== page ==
1. Citric Acid
* Citric acid is a weak organic acid with the molecular formula C6H8O7, which means a molecule of the acid contains six carbon atoms, eight hydrogen atoms, and seven oxygen atoms. When it is dissolved in water, it partially ionizes to yield three H+ ions (hydrogen atoms which are missing their electron) and a C6H5O7(3-) ion (the 3- means that it has three extra electrons.) The resulting solution is called an "electrolyte." Chemical Reaction
When two dissimilar metals are put in an electrolyte, a chemical reaction called "oxidation-reduction" occurs. Because different metals have different levels of attraction for their electrons, one of the metals will lose electrons, a process which chemists call oxidation, and the other gains electrons, which is called reduction. The metal being oxidized is called the anode, and the one being reduced is the cathode. The entire arrangement of anode, electrolyte, cathode and conductor is called a galvanic cell. If the metals are then connected outside of the solution by an electrical conductor like a wire, a current of electrons will flow in the wire from the anode to the cathode. Inside the solution, positively charged ions from the oxidizing metal will migrate to the other metal, where they will again receive electrons and plate that metal. Lemon Cell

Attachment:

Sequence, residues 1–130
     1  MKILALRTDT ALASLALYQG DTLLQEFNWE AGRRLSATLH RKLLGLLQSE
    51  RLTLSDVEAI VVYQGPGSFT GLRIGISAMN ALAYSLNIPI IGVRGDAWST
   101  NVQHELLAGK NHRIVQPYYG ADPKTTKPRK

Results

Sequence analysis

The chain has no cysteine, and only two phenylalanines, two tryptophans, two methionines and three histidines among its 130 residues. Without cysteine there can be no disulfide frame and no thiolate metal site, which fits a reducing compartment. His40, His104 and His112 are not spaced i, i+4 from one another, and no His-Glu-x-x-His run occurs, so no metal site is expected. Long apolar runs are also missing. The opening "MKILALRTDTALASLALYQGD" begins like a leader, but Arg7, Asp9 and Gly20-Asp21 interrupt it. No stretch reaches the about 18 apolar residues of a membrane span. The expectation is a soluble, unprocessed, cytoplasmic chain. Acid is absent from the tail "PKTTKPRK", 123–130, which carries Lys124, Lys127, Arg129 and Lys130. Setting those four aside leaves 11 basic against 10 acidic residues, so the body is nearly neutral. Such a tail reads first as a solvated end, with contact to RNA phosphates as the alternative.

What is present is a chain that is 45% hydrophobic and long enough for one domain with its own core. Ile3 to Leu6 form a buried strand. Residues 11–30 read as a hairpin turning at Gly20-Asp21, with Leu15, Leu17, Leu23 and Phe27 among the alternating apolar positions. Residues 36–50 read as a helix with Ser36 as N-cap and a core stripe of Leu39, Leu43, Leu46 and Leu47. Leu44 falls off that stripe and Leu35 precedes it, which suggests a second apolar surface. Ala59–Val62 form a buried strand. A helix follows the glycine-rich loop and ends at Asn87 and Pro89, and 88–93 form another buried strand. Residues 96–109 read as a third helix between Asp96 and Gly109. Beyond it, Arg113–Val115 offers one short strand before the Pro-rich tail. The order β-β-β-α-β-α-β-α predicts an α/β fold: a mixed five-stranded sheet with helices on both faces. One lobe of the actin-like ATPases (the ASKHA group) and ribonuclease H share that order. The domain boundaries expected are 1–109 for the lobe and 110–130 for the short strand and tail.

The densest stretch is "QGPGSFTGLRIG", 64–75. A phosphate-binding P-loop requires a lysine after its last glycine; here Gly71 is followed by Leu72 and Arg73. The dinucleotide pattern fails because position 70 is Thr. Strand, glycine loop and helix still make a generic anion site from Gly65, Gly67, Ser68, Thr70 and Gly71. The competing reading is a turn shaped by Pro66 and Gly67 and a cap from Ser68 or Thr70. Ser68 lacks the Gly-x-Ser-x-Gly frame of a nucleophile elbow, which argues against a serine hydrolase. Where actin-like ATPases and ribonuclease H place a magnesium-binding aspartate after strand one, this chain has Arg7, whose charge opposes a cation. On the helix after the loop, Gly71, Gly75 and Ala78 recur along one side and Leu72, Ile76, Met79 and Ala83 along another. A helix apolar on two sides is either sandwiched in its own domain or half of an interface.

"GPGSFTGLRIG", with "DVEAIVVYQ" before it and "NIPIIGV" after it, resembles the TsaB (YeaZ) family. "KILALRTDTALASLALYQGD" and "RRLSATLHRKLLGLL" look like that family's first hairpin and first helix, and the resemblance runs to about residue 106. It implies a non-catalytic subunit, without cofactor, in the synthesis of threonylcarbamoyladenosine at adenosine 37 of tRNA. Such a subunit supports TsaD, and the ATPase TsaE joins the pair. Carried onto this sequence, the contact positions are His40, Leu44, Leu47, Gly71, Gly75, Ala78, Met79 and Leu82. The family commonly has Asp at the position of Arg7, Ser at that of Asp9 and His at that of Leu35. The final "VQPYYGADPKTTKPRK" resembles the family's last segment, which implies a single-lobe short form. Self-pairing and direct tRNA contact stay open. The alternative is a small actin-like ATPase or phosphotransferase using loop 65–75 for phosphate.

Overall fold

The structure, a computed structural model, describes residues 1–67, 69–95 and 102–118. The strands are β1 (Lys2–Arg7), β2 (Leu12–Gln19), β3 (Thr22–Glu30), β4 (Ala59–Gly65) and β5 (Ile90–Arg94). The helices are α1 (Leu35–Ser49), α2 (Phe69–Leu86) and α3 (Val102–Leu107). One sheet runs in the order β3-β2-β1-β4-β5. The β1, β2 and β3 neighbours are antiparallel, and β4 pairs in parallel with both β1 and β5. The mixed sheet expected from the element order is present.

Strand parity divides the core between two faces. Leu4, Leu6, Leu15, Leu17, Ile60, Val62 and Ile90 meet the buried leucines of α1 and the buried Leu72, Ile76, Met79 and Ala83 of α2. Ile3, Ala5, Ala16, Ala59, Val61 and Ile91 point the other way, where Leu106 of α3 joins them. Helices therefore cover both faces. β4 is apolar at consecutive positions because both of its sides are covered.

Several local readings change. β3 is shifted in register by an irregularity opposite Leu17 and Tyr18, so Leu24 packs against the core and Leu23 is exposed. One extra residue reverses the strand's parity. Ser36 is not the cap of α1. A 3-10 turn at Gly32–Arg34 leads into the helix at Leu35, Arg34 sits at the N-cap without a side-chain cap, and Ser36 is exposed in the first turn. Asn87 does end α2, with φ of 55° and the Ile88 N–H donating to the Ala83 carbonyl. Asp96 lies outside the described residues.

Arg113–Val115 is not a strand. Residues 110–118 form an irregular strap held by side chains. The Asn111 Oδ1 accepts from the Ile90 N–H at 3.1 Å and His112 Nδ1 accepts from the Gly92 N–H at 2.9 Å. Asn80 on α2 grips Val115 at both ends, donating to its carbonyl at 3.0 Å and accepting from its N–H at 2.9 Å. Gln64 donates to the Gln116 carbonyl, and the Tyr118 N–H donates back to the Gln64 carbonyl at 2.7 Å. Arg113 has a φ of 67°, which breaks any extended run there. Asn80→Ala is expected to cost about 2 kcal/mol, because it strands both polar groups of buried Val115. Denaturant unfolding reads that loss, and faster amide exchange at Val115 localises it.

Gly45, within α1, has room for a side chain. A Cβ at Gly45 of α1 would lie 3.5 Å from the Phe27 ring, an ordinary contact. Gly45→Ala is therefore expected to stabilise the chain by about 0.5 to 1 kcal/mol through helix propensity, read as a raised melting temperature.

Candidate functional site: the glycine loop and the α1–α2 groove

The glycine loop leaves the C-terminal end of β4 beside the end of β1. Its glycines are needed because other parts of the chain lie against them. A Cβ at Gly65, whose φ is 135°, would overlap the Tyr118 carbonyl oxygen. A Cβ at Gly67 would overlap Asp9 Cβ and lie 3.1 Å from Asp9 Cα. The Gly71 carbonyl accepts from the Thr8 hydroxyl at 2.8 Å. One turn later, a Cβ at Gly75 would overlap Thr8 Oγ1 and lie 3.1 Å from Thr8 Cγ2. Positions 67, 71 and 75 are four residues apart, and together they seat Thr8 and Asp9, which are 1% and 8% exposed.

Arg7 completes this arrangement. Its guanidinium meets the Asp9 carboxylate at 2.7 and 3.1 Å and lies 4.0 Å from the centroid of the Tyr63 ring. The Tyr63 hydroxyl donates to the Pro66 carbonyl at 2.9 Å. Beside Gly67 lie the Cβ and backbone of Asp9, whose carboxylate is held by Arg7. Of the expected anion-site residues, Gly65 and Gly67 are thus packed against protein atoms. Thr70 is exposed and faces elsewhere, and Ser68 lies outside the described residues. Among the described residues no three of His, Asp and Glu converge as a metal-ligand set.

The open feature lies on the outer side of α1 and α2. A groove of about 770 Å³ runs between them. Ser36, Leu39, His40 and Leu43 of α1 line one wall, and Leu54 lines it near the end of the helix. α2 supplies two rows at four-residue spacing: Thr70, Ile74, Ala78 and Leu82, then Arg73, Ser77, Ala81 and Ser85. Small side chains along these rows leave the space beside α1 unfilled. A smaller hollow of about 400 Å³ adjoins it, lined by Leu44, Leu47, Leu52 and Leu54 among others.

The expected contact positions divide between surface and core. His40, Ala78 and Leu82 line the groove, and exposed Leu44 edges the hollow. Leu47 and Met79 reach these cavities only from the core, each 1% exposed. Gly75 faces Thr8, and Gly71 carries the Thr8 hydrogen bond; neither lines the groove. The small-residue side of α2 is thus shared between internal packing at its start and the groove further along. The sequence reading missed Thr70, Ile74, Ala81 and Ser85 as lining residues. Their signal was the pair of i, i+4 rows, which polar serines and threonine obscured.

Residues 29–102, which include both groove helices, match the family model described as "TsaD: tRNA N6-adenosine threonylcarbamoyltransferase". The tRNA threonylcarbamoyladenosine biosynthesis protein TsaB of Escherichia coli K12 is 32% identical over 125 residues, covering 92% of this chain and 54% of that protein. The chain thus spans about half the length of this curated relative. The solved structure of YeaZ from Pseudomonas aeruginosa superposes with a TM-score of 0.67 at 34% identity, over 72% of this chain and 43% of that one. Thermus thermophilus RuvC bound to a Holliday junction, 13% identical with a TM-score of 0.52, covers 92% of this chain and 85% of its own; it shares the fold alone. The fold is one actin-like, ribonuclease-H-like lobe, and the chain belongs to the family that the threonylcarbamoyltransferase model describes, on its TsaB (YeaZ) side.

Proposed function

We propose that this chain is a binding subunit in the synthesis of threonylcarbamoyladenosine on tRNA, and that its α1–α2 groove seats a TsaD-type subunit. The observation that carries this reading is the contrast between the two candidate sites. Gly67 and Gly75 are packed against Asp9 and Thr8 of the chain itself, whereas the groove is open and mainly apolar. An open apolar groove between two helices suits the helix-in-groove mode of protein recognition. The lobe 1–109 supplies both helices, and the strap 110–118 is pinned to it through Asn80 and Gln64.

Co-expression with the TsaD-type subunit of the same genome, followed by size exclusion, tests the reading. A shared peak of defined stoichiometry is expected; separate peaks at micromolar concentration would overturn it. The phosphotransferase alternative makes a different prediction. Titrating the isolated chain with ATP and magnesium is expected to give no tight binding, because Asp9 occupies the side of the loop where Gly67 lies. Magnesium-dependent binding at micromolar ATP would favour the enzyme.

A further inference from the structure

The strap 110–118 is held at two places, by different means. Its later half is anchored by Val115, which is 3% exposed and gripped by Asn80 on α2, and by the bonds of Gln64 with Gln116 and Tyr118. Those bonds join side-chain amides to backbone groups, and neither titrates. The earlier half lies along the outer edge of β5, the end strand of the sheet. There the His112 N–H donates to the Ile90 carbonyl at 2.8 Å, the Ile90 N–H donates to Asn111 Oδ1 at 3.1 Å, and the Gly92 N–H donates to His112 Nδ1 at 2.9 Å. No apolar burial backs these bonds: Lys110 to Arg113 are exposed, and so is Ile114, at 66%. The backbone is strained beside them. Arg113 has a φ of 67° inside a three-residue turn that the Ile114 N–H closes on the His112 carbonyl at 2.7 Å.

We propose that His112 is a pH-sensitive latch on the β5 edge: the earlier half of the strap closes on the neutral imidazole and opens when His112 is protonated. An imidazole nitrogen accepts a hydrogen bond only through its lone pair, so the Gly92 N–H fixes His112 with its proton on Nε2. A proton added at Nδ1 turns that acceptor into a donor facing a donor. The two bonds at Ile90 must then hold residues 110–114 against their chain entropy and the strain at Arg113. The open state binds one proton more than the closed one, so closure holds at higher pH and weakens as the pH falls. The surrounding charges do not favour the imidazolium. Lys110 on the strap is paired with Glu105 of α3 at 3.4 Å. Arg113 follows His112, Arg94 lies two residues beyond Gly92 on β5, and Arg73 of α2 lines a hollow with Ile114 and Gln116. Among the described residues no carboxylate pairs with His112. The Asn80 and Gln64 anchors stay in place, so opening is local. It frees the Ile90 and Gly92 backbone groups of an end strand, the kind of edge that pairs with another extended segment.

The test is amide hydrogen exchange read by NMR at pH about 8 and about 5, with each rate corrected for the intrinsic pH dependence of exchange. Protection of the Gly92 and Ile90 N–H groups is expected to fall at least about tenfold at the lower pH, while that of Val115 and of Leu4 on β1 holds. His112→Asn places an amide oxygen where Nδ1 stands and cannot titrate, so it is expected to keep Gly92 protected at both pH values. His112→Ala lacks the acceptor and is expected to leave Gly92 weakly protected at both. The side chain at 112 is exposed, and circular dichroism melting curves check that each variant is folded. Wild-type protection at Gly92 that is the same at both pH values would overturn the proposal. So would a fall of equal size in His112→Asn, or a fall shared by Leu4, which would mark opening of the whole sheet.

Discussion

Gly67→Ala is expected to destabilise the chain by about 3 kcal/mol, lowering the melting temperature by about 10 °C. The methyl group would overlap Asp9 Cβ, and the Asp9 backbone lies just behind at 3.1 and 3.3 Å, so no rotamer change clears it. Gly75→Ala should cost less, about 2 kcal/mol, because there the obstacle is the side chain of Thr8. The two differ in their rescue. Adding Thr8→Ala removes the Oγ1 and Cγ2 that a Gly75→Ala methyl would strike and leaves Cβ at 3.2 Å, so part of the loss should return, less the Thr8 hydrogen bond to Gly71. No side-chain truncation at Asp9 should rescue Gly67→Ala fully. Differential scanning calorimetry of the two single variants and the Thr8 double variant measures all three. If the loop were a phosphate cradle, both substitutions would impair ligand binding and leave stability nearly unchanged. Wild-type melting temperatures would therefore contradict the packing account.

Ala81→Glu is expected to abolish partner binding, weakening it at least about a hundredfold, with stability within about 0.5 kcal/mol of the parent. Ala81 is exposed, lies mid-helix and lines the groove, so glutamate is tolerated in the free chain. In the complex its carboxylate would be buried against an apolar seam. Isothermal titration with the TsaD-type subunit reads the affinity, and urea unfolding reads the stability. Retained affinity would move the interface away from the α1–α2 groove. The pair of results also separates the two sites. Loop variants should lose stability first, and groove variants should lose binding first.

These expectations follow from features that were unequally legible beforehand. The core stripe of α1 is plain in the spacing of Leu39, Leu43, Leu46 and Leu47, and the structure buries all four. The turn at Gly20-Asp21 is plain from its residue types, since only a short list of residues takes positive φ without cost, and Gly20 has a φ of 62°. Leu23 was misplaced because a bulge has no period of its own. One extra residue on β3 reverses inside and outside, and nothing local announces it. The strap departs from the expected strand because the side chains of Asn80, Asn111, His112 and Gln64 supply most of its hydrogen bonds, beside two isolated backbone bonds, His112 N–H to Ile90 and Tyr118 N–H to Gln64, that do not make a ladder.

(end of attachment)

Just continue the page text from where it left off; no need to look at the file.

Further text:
While there are many electrolytes which will cause this reaction, citric acid is frequently used as a demonstration because it occurs naturally in citrus fruits. The two metals often used are zinc, as in a galvanized nail, for the anode and copper, as in a penny, for the cathode. A lemon can be used as both the container and the source of citric acid. If a slit is made in one end of the lemon, the penny can be inserted about half-way. A galvanized nail is pushed into the lemon close to the other end. This is not a battery that will power anything useful, but a sensitive voltmeter will indicate that it does in fact produce electricity.
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